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How Whitehead is turning round Securities Trust

When Mark Whitehead took over the Securities Trust of Scotland (STS) last May performance of the global equity income investment trust was struggling. Since then, a combination of the weaker pound boosting overseas investments after the Brexit vote and a looser investment policy have seen it start to close the gap with rivals.

This can be seen in the way one-year performance figures have caught up with its three-year returns. Over one year the portfolio's NAV has grown 31.2%, with the share price advancing nearly 37% as their discount - or gap to NAV - has almost halved to 3.6%, according to Numis Securities data.

Over three years, the NAV grew 40% but with the discount widening over the period this meant shareholders received a total return of just 34.3%, less than the one-year return.

In this video interview Whitehead discusses how replacing the trust's previous benchmark, with a more 'unconstrained' remit helped him turn around the performance and reveals and where he is finding opportunities.

Can't watch now? Read the transcript

Joshua Thurston: I’m here with Mark Whitehead, who manages the Securities Trust of Scotland. Mark - when you took over the fund last year it was underperforming - what changes have you made to counter this?

Mark Whitehead: Well I spent a lot of time with the board during the first six months at Martin Currie, having arrived last year. What we have done is remove the benchmark that the trust was using, which was the MSCI High Yield Dividend index. We have replaced that with an unconstrained remit. We have done that because we want to be able to invest globally and to not just be benchmarked against 300 names in that index. There’s a lot of turnover in that index, but also it has quite a lot of concentration risk.

So we wanted to broaden the investment horizon, so we have got a lot of companies we can look at across the globe. There are over 2,000 in the MSCI ACWI index and the board has charged me to beat the peer group, which is an amalgamation of the Investment Association open-ended fund peer group, as well as the AIC closed-ended peer group for global equity income on a three-year rolling basis. So it is just about 100 funds that I have got to try to beat.

JT: Given this wider remit that you have got now, where are you finding opportunities?

MW: I think generally income funds tend to invest in companies that have got quite high pay-out ratios, so they are paying out a lot of the earnings that they are producing by way of dividends. What we have actually changed is that we are starting with growth. We are really looking for companies that are growing over the long-term and they are benefiting from long-term structural trends in markets to be able to drive top-line growth or revenue growth.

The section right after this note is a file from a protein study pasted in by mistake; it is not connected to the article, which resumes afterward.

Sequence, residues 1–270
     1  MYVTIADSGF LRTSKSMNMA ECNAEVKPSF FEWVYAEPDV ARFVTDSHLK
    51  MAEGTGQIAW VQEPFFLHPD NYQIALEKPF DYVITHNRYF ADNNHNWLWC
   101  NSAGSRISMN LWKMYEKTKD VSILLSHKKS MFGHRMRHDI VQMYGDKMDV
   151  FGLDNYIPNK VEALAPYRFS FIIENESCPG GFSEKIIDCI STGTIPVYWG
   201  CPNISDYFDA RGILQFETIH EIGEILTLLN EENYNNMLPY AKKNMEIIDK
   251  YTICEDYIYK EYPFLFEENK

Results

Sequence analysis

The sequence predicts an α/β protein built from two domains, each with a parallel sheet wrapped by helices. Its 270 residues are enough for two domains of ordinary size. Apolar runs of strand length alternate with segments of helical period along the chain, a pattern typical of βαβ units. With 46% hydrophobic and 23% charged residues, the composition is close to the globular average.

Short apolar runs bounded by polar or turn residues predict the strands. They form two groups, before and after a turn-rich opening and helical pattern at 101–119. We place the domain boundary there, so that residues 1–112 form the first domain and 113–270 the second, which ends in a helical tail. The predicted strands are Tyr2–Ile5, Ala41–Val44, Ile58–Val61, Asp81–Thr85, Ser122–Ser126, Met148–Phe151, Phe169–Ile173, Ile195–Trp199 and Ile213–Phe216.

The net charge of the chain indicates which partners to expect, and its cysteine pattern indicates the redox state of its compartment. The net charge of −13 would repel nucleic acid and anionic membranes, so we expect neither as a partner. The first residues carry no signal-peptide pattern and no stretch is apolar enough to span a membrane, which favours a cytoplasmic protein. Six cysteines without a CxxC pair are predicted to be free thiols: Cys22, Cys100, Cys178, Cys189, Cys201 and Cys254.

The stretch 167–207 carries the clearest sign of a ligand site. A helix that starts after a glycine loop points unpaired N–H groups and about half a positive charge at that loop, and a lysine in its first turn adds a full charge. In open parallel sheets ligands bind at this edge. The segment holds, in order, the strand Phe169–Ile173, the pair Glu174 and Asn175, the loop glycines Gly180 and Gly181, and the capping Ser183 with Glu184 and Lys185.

So what are we looking at? We are looking at demographic trends, the consequences of ageing, the increased proliferation of data, for example. We are trying to find long-term structural trends that our companies are also identifying themselves to be able to drive their product and service provision ongoing.

So, tobacco is an area we have reduced exposure to recently because they can be seen as bond proxies, if you like. People are worried about bond yields starting to rise in the US and these companies are quite expensive after years of good performance. Although, we are finding great value in the likes of Philip Morris in terms of their new product line-up.

But we are also finding smaller companies that we are able to invest in now, such as an IPO we got involved in, which is the Civitas Social Housing IPO. As a company it has a £350 million market cap that is going be benefiting from structural strong demand for social housing in the UK. There’s about 4 million people on a waiting list for social housing, but also a lack of development supply.

So reducing the market cap, reducing the amount of time that is spent by the analytical community on the really large cap stocks that are perhaps ex-growth. And really trying to centre on more growth for the future to generate more sustainable income and capital return.

JT: What challenges have you faced recently with the fund?

MW: I think this year [2016] has been an exceptionally volatile period for markets, not so much on the headline level because markets have been very strong, but certainly what we have seen underlying are big shifts in the sectors that are moving in markets.

We have certainly seen strong performance from the tech space. Banks for example in the US and to an extent in Europe have done well of late, as people have been trying to think about how Mr Trump’s reflationary policies might drive more fiscal spend and better economic growth in the future. But also will lead to higher interest rates, which has led to people speculating that the yield curve will steepen. And that would be good for banks and bank lending - and certainly for their net interest margins. That sector has rallied quite aggressively.

My job is to try and invest over the long-term, not to second guess where markets are moving in the very short-term. We think we have a nicely balanced portfolio across all of the global regions, but also across sectors to give diversity. But hopefully all of our companies will continue to produce very strong performance.

JT: Thanks for coming in to talk to us today.

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